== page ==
I'm not including any pictures this week because I'm sure pretty much everyone in North America know the dandelion (or Taraxacum sp. in Latin). I've just finished researching the finer points of the medicinal uses for dandelion and, really, it's pretty amazing. Here's an excerpt from my Materia Medica I'm working on for my herbalist class:
Dandelion (Taraxacum sp)
Parts used: root (collected at the end of the season) and leaves (collected when
Constituents: taraxacin (bitter), triterpenes, sugars, vitamins, potassium.
Action: diuretic, tonic, stimulant (to urinary tract – kidneys especially), mild laxative.
Indications: good for kidney stones, urinary tract dysfunction, circulatory system as diuretic. cleansing to the blood and lymphatic system.
Preparation/Dosage: Strong decoction for kidney stones. Add sliced root, bring to boil, reduce to simmer for 20 minutes. Let set and then strain and cool. Drink 1-2 C/ day. Tea: decoct – 1 tsp dried chopped root per cup of water . Drink 2-3 C/day for digestion or as diuretic.
Leaves: add to salad (they're bitter - more bitter after the plant flowers and less bitter if gathered before)
milk of the root is medicinally beneficial.
*Prescription diuretics typically require a potassium supplement. This is not necessary with dandelion because it is high in potassium.
*supports liver which eliminates toxins for the body – so it can be beneficial for acne.
*sugars and starches in dandelion roots are easily digested and can help diabetics control blood sugar levels.
*Native Americans used the white milk of the stem to soothe bee stings. (it can also be used for external use on warts, blisters, hard pimples)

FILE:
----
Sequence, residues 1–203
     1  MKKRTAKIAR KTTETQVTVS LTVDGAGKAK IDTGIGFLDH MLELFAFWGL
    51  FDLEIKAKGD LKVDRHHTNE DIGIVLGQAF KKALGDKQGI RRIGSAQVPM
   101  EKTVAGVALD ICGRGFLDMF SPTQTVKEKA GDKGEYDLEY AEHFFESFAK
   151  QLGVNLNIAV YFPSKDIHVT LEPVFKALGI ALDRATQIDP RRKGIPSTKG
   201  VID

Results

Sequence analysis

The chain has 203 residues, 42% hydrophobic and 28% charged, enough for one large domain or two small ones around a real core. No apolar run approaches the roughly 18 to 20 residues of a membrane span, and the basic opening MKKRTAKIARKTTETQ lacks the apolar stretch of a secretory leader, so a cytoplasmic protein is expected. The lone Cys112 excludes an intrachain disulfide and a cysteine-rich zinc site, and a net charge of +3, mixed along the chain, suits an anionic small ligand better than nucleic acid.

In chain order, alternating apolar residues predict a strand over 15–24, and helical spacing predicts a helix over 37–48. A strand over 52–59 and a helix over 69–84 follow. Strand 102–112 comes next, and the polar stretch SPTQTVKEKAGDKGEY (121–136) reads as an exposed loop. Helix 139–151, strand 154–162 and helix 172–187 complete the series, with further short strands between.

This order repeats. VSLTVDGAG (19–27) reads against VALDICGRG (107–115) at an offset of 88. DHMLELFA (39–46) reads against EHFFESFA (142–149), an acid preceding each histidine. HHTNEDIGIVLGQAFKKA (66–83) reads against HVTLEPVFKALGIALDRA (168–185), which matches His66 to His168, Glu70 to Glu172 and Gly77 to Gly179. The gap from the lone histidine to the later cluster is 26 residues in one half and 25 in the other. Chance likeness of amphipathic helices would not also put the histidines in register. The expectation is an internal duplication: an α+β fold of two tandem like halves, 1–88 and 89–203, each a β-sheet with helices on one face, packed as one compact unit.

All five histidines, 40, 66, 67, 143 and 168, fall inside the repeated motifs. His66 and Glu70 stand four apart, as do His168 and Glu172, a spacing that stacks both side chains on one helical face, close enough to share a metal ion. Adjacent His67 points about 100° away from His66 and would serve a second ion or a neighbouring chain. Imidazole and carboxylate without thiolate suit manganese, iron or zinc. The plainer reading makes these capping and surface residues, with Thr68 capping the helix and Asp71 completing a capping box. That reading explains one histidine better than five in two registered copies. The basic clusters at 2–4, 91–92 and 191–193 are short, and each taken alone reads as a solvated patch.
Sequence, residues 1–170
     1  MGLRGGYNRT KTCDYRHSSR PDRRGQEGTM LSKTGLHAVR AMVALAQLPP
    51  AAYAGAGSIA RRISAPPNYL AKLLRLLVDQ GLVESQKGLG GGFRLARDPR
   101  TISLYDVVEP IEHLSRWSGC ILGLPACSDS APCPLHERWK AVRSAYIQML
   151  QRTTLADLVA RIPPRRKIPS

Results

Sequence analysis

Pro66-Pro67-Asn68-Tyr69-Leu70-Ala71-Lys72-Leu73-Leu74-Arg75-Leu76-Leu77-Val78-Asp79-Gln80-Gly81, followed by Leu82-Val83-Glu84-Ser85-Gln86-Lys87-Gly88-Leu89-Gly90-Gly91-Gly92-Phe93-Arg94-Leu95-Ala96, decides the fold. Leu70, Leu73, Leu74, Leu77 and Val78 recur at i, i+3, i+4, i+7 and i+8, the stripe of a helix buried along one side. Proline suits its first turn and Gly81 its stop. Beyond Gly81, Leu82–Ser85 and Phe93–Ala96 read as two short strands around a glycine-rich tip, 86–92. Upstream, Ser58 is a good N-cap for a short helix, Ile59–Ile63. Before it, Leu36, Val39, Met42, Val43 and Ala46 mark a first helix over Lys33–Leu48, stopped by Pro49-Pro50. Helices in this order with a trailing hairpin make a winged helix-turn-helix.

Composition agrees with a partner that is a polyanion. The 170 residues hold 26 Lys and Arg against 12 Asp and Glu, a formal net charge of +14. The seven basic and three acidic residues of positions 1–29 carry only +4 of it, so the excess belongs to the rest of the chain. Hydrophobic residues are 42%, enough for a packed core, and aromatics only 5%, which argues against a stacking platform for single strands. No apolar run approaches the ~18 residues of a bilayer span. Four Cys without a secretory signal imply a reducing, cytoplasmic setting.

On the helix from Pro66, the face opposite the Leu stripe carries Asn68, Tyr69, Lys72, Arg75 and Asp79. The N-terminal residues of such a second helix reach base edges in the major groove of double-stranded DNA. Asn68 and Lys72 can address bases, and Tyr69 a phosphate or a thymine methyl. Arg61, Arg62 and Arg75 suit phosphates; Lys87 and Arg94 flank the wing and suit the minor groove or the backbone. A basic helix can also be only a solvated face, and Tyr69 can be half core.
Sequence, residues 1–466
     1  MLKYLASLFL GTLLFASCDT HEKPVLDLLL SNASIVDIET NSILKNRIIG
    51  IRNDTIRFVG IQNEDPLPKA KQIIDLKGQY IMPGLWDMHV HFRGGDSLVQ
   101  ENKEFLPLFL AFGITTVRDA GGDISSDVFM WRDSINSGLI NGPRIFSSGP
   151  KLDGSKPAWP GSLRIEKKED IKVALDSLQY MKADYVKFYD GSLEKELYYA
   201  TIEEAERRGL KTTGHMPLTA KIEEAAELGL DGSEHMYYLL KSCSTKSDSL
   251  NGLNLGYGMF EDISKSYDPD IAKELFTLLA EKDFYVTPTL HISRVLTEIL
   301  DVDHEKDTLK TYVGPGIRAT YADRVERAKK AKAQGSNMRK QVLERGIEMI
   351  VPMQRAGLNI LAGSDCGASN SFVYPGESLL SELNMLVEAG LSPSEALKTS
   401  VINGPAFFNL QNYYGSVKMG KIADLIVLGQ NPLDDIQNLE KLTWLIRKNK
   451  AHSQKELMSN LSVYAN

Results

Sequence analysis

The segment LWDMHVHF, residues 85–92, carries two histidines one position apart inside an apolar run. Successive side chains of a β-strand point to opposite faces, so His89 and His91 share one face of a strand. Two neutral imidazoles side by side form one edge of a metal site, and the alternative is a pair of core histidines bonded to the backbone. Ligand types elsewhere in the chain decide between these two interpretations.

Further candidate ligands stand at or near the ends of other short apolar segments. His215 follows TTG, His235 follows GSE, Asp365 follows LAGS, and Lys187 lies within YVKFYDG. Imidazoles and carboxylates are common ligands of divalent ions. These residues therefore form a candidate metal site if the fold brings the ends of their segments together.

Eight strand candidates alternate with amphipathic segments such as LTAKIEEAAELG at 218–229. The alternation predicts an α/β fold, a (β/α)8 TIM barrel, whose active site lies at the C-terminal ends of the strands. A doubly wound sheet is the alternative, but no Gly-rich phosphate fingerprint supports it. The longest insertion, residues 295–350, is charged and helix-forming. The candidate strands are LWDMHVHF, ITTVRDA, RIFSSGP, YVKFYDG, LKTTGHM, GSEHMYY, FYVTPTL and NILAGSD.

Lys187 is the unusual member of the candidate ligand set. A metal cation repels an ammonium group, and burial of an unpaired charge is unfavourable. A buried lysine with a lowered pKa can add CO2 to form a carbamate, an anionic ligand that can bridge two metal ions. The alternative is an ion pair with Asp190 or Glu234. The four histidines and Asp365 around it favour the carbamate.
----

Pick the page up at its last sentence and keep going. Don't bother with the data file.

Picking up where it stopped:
I have some experience using dandelion for urinary tract issues. In addition to taking cranberry pills and avoiding sugar, I drank a strong decoction of dandelion root and marshmallow (more on this herb soon - which is soothing to digestive and urinary systems). I drank 2-3 C over a period of 4 days. It helped stimulate the kidneys and flush my system. (but remember, if it lasts more than a few days you need to see a doctor. If the infection moves to the kidneys, that's serious business)
You can also make 'coffee' from roasted dandelion roots. I don't drink coffee and I've never tried this. I my adventurous husband said he would try this as an 'experiment' for me. If we do it this fall, I'll be sure to post about it!!!
What's a decoction, you ask? Simply put, it's an infusion (like I wrote about previously), but made with either roots, seeds, or bark. An infusion is made with leaves or flowers (or valerian root, because it's just an oddball). You slice the root (dry or fresh) and add it to a pot of water. Set it to boil, then reduce to a simmer for 20 minutes. Cool for 20 minutes, strain, then drink. It should be good fro up to 48 hrs or so, but remember to stick it in the fridge.
So, see? Dandelions aren't just for kids!